“They’re doing as much as they can to help women get into the industry. But I think it also needs to be about retaining the women already in the industry as well,” Inkster says. 

“It would be great to work on both aspects, not just getting people in. Because in the past, I’ve lost my job during COVID, and it was just like being thrown off a cliff.”

Inkster’s journey to welding and fabricating was challenging at times. Dealing with unhelpful remarks and discouraging comments only made her desire to succeed stronger. 

“I have had companies in the past where there’s been comments directed from management saying things like you’ll never be taken seriously. It’s a kick to the guts, especially when you’re trying something new that you don’t know if you’re going to succeed at,” Inkster says. 

“I’m stubborn and I’ve learnt from it. I shouldn’t have put up with an average workplace environment. But if I didn’t put up with it, I probably wouldn’t be where I am today. I’m very appreciative of the path that I’ve taken regardless.”

“The team I am at now is great. Everyone looks out for everyone, and we can all be ourselves which is refreshing.” 

Despite her colourful experience in the industry so far, her love of modifying and building supercars, along with her resilient attitude, always drew her back in. 

Having role models to look up to and feel supported by was a key factor in believing that her career goals were achievable, especially in the beginning.

“I’ve had some great male colleagues who have acted as role models in the past. On the motorsport side of things there are very few women in the sport as mechanics. There are no fabricators that I’m aware of,” Inkster says.

“When I was just starting out there was one person who I looked up to in supercars at the time. Her name was Janelle, and she was amazing at her job,” she says.

The guarantee that motorsports and the automotive industry is always evolving leaves little room for complacency. Inkster’s attitude ensures she won’t fall into that trap.

“Welding is an ever-changing job. There are so many standards, and they are constantly being updated,” Inkster says.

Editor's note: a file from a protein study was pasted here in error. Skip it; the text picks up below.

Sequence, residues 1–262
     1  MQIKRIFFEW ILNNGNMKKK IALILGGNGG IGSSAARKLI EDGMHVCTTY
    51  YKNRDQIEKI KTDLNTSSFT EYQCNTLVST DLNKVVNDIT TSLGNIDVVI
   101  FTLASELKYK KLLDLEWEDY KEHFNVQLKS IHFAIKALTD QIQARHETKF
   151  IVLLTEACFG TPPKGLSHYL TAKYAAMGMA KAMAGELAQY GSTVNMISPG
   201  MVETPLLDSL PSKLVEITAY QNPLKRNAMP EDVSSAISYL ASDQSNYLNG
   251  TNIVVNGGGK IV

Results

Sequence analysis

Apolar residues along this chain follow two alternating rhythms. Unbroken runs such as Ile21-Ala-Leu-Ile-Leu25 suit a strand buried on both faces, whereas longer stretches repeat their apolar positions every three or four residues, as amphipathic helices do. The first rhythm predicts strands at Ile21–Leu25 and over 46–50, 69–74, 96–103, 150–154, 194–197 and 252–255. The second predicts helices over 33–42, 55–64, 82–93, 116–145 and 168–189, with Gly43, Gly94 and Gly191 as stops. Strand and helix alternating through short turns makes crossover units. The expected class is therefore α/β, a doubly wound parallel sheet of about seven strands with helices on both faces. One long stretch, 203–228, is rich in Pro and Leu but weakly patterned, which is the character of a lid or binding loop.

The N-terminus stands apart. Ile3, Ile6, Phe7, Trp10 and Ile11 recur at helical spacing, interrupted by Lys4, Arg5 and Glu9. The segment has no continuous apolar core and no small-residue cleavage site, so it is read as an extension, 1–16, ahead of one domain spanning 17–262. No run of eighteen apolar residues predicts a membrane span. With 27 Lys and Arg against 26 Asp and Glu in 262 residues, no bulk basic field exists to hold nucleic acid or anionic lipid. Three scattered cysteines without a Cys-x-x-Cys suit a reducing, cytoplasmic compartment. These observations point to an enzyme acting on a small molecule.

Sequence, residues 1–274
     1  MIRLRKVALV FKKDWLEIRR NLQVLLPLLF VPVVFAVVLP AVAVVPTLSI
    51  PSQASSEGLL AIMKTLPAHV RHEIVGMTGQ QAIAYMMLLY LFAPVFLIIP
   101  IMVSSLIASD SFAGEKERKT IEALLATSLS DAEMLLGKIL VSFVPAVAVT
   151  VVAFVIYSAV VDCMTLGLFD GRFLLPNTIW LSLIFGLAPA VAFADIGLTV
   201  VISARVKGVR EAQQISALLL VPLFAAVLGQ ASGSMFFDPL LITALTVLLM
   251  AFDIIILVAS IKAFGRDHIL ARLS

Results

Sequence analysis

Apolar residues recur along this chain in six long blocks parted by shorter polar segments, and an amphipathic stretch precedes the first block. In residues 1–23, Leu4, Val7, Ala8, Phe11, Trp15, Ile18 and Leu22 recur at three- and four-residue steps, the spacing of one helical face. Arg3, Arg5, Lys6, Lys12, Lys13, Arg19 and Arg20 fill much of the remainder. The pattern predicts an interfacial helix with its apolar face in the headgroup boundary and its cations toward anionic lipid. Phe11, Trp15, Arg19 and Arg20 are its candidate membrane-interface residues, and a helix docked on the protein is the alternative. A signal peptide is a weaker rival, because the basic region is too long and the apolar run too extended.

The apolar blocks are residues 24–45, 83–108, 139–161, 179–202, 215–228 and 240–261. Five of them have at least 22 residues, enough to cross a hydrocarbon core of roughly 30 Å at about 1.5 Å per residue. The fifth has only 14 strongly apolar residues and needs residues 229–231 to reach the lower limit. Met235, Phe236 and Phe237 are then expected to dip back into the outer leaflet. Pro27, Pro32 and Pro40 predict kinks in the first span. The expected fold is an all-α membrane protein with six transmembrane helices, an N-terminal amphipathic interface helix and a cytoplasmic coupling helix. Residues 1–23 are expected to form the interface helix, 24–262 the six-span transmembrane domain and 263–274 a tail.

“I have recently been signed off on my apprenticeship. But to me, it’s not done. If someone came up to me and said, we want you to learn this, I’ll jump at the opportunity to take it. The more I can learn, the better it is for me. There are so many people out there that want to teach people.”

Learning, growing and adapting to new environments are all part of Inkster’s success in the industry. It is no surprise that there is a similar theme to her advice for the younger generation.

“Be yourself and learn as much as you can. It is important to remember that when you are new, you don’t know everything. Even I don’t know everything now, I’m still learning from the guys that I work with and vice versa,” Inkster says.

Even though welding is a practical and a ‘hands on’ job, there is still a theory component that Inkster embraces and takes in her stride.

“I still try and read up as much as I can about different aspects of welding, or a new technique, or even just trying to find the right settings for your machine. Sometimes I’ll find myself diving into the manual and reading about a couple of things just to try and tweak my welding skills. It is not just a hands-on job,” Inkster says.

Gaining extra knowledge and qualifications is always on Inkster’s radar.

“I love what I do, and I really enjoy it. So, I may look into doing my certification four which will give me additional knowledge on machines and CNC stuff. I just want to keep learning. Venturing overseas for fabrication in motorsport would also be pretty cool,” Inkster says.

Inkster is one to watch, with plans to continue developing her skills in the welding industry, she has hopes on becoming a role model for the future generations. 

“I’m hoping that I’m a role model for other women, or younger females wanting to come into the industry and the sport. It has been a bit of a full circle there.”